Paris (1929 film)

Paris is a 1929 American Pre-Code musical comedy film, featuring Irène Bordoni. It was filmed with Technicolor sequences: four of the film's ten reels were originally photographed in Technicolor.

Theatrical Poster
Directed byClarence G. Badger
Written byMartin Brown
E. Ray Goetz
Hope Loring(titles)
Produced byRobert North
StarringIrène Bordoni
Jack Buchanan
Louise Closser Hale
Jason Robards Sr.
ZaSu Pitts
CinematographySol Polito
Edited byEdward Schroeder
Music byCole Porter
Edward Ward
Distributed byWarner Bros. Pictures, Inc.
Release date
  • November 7, 1929 (1929-11-07)
Running time
97 minutes
CountryUnited States
Box office$1,173,000[1]

Paris was the fourth color film released by Warner Bros.; the first three were The Desert Song (although it was only a part-color film) On with the Show and Gold Diggers of Broadway, all released in 1929. (Song of the West was actually completed by June 1929 but had its release delayed until March 1930). The film was adapted from the Cole Porter Broadway musical of the same name. The musical was Porter's first Broadway hit. No film elements of Paris are known to exist, although the complete soundtrack survives on Vitaphone disks. The sound tape reels for this film survives at UCLA Film and Television Archive.

Paris was the fourth film Warner Brothers had made with their Technicolor contract. The filmmakers used a color (Technicolor) process of red and green, at the time it was the third process of Technicolor.[2][3][4]


Irène Bordoni is cast as Vivienne Rolland, a Parisian chorus girl in love with Massachusetts boy Andrew Sabbot (Jason Robards Sr.) Andrew's snobbish mother Cora (Louise Closser Hale) tries to break up the romance. Jack Buchanan likewise makes his talking-picture debut as Guy Pennell, the leading man in Vivienne's revue.



Warner Bros. paid the celebrated French music hall star and Broadway chanteuse Irene Bordoni $10,000 a week to star in this film, playing the role she had originated on Broadway, introducing the enduring Porter standard "Let's Do It, Let's Fall in Love". While this film was being shot, the studio was in the process of completing their all-star revue The Show of Shows (1929), so they had Bordoni film a number for the revue. Their initial intention was to have Bordoni star in two musical features, but due to the poor box-office reception of Paris, they decided not to make any more films with her.[5]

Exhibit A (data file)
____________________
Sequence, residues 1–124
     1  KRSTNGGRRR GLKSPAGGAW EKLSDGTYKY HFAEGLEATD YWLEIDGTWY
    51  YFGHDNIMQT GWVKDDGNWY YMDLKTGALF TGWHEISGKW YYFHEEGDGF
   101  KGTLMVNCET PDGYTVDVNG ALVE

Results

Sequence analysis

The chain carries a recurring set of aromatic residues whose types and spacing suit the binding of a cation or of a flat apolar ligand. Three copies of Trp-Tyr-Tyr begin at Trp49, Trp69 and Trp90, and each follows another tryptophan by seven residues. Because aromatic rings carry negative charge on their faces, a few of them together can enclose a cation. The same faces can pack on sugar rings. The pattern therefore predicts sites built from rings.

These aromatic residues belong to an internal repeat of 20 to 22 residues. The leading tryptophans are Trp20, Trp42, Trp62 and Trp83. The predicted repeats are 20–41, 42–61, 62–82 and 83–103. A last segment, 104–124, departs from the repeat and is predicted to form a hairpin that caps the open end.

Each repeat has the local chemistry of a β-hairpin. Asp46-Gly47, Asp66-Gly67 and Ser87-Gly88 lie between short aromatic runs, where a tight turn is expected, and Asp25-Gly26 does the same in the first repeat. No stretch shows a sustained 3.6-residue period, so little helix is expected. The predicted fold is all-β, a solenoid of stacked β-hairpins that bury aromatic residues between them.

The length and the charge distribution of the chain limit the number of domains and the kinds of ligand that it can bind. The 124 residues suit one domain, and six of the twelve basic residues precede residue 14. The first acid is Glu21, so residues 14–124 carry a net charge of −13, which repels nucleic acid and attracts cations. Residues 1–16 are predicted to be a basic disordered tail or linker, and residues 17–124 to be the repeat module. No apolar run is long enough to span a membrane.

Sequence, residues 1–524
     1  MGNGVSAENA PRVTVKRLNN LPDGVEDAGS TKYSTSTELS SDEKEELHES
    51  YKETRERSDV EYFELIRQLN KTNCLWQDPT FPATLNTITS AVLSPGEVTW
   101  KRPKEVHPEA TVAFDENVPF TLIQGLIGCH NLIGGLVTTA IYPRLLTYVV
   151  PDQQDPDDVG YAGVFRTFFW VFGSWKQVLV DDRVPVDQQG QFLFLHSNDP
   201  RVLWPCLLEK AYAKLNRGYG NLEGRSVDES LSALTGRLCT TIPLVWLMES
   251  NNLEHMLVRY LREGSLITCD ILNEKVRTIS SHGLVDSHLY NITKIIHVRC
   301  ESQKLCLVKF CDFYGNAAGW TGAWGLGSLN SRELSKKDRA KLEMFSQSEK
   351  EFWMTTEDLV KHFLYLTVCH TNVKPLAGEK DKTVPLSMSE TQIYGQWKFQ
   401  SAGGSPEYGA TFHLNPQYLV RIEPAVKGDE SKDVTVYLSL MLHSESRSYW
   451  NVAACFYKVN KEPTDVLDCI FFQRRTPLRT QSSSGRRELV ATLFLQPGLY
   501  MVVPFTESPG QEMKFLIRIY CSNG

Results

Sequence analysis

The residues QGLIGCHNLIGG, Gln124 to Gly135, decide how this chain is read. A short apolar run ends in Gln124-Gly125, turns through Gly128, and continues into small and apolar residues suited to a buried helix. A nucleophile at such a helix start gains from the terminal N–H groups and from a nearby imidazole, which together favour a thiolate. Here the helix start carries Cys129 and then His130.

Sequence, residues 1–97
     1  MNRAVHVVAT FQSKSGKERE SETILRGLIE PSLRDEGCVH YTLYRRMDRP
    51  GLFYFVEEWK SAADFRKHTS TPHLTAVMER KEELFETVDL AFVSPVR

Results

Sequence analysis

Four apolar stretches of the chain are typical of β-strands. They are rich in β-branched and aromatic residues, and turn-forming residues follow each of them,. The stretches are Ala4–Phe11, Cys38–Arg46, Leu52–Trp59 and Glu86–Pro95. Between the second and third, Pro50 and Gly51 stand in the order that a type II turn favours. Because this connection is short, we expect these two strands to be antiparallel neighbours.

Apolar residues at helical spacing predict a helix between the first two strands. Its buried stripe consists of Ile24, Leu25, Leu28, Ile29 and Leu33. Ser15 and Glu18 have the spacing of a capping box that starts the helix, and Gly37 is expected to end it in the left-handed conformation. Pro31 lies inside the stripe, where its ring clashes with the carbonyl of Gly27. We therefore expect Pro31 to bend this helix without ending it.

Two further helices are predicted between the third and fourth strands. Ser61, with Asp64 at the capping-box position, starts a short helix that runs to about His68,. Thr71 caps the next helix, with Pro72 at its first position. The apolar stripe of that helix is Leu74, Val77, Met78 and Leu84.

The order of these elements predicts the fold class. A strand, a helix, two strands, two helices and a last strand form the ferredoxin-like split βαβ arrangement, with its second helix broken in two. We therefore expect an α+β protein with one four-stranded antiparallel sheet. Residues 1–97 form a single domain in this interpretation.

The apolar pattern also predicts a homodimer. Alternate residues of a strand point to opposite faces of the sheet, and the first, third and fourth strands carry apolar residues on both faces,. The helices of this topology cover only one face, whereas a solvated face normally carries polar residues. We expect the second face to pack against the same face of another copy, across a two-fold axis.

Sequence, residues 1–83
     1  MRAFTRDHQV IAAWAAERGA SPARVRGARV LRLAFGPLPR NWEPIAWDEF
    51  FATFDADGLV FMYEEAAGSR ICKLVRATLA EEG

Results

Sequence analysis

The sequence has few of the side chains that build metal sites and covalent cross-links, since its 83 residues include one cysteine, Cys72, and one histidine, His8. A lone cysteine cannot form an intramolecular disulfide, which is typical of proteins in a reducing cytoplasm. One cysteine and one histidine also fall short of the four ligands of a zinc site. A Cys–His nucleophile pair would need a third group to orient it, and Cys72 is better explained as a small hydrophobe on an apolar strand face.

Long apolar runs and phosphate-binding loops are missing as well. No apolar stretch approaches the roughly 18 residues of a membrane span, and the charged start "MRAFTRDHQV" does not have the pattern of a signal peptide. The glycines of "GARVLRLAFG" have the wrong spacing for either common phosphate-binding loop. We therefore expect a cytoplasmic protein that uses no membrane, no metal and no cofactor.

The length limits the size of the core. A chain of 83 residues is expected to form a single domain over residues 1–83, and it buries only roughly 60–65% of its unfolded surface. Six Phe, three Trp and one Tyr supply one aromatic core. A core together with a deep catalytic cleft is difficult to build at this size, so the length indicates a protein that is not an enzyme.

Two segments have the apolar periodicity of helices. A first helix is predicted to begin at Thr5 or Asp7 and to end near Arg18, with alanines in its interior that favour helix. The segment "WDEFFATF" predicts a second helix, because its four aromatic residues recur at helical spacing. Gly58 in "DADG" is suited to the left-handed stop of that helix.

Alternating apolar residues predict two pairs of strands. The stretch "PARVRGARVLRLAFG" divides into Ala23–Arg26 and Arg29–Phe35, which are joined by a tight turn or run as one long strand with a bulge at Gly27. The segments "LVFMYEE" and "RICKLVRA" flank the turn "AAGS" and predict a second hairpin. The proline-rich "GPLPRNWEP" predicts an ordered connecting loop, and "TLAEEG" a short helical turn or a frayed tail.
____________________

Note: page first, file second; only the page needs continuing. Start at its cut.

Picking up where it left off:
• "My Lover"
  • "Paris"
  • "Somebody Mighty Like You"
  • "An' Furthermore"
  • "Wob-a-ly Walk"
  • "Don't Look at Me That Way"
  • "Crystal Girl"
  • "I'm a Little Negative"
  • "I Wonder What is Really on his Mind"
  • "Miss Wonderful"
  • "Among My Souvenirs"
  • "The Land of Going to Be"


Paris used advertisements of a type which were common for its time, featuring the talking in the film and Irène Bordoni starring. One ad for Paris said "See the talking picture of the future".


No film elements of Paris are known to exist, although the complete soundtrack survives on Vitaphone disks. The sound tape reels for this film survives at UCLA Film and Television Archive. According to the George Eastman Museum 2015 Book "The Dawn of Technicolor, 1915-1935" there are three fragments at the Seaver Center. In 2018 British Film Institute discovered a one minute Technicolor fragment being used as a film leader, along with fragments of various other films, which are included in video posted to YouTube on April 27th, 2018.[6]

Box officeEdit

According to Warner Bros records the film earned $632,000 domestically and $541,000 in other markets.[1]

See alsoEdit


  1. ^ a b c Warner Bros financial information in The William Shaefer Ledger. See Appendix 1, Historical Journal of Film, Radio and Television, (1995) 15:sup1, 1-31 p 10 DOI: 10.1080/01439689508604551
  2. ^ The American Film Institute Catalog Feature Films: 1921-30 by The American Film Institute, c. 1971
  3. ^ Progressive Silent Film List : Paris at
  4. ^ 1957 MOVIES FROM AAP Warner Bros Features & Cartoons SALES BOOK DIRECTED AT TV
  5. ^ Paris, original Broadway production at the Music Box Theatre, October 8 1928 to March 23 1929 totaling 195 performances;
  6. ^ Early Technicolor discoveries from the BFI National Archive, retrieved April 14, 2021

External linksEdit